4 bits of genuinely wonderful news to brighten the eco-gloom on World Environment Day
When reading about the environment, it’s easy to get the impression that the more things change, the more they stay the same. Temperatures are rising, natural disasters are becoming more common, and graphs are becoming increasingly worrisome — yet humanity’s countermeasures are tragically inadequate.
But, as tempting as it is to descend into doom mongering – or, even worse, defeatism – the news isn’t all terrible.
Here are a few bits of real excellent eco-news that have transpired since World Environment Day 2020 (June 5) to commemorate World Environment Day 2021 (June 5).
Species that were once thought to be extinct have resurfaced.
It’s nearly impossible to prove a negative, and the term “extinct” actually refers to anything that hasn’t been seen in a very long time. It’s not quite Jurassic Park, but numerous extinct species, including mammals, amphibians, and reptiles, have resurfaced on scientists’ radars in the last year.
Prior reports of three wild New Guinea singing dogs – long assumed to be extinct in the wild – living 14,000 feet up a New Guinea mountain were confirmed by DNA research. A 100-year-old Voeltzkow’s chameleon was discovered in a hotel garden in Madagascar, and a Bolivian expedition discovered lost species of frog (devil-eyed) and butterfly that had been thought to be extinct for the same time period.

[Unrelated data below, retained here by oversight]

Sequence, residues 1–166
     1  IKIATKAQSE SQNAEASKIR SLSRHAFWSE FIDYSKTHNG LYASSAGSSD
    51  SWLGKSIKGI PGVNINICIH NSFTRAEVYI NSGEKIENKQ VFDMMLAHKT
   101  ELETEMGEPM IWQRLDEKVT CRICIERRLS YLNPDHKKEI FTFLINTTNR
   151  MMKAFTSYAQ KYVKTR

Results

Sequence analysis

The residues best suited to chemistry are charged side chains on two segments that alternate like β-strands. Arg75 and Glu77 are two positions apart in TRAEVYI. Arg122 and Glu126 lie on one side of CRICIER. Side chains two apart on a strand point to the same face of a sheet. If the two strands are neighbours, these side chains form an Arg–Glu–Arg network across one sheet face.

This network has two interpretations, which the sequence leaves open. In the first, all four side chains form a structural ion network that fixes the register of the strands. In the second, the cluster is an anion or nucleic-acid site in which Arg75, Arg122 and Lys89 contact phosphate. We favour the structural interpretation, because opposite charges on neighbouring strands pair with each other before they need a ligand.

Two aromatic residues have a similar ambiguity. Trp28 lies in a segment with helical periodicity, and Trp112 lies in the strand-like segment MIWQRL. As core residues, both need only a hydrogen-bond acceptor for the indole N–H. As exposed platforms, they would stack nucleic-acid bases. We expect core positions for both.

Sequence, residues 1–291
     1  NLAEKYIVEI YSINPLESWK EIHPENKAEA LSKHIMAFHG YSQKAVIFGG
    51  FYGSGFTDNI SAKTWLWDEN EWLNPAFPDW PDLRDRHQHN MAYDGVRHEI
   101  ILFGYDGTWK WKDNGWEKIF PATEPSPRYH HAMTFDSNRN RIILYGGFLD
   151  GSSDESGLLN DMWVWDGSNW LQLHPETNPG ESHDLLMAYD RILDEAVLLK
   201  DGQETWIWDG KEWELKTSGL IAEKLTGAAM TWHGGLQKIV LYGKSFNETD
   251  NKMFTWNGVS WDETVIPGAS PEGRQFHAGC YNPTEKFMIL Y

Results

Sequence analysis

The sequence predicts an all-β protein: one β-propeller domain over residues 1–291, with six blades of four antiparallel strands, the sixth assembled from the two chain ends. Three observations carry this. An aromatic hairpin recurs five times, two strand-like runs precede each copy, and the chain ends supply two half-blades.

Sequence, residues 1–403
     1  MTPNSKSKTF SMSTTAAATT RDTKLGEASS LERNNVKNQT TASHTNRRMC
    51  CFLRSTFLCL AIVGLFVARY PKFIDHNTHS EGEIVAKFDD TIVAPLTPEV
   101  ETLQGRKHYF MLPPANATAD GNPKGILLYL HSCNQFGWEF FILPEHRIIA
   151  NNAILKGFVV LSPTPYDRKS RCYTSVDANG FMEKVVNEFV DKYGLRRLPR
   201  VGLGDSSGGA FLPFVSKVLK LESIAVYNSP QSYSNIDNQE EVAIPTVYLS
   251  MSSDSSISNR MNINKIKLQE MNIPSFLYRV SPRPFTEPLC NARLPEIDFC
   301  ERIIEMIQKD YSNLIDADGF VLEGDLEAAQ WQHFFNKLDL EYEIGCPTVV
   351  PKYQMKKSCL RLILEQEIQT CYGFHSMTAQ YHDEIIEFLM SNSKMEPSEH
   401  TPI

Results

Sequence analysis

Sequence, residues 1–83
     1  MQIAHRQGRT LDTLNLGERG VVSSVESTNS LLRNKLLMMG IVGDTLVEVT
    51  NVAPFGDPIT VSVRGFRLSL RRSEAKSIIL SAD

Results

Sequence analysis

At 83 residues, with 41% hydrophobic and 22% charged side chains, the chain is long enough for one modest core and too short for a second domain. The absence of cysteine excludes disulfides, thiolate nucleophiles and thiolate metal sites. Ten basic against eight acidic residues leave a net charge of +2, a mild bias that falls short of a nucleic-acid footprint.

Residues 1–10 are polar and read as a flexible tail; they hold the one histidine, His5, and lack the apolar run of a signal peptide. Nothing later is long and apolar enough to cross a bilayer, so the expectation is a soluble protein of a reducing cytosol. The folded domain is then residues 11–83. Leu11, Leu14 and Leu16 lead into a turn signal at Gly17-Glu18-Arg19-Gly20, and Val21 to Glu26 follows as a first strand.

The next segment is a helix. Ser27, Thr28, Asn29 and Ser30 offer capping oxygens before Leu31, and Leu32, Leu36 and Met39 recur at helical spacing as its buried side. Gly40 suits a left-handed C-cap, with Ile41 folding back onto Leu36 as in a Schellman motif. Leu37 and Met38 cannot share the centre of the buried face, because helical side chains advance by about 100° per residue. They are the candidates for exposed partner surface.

The global share of wind and solar energy has doubled.
Carbon emissions may be the most soul-destroying of all the eco-areas most likely to depress you. Week after week of dismal news, but if you squint hard enough, a big 2020 Ember study on global energy did offer a glimpse of light.
Wind and solar energy generation has doubled in the last five years (2015-2020), accounting for roughly 10% of global electricity. Unfortunately, coal utilization declined by less than 1% throughout that time period. We’ll take everything we can get at this time.
Eastern behemoths make net-zero pledges.
Japan and South Korea, two massive East Asian economies, pledged in late 2020 to attain carbon neutrality by 2050, the same goal established by the European Union in 2019. The countries are currently the 5th and 7th highest carbon dioxide emitters, respectively. (This is a brief piece.)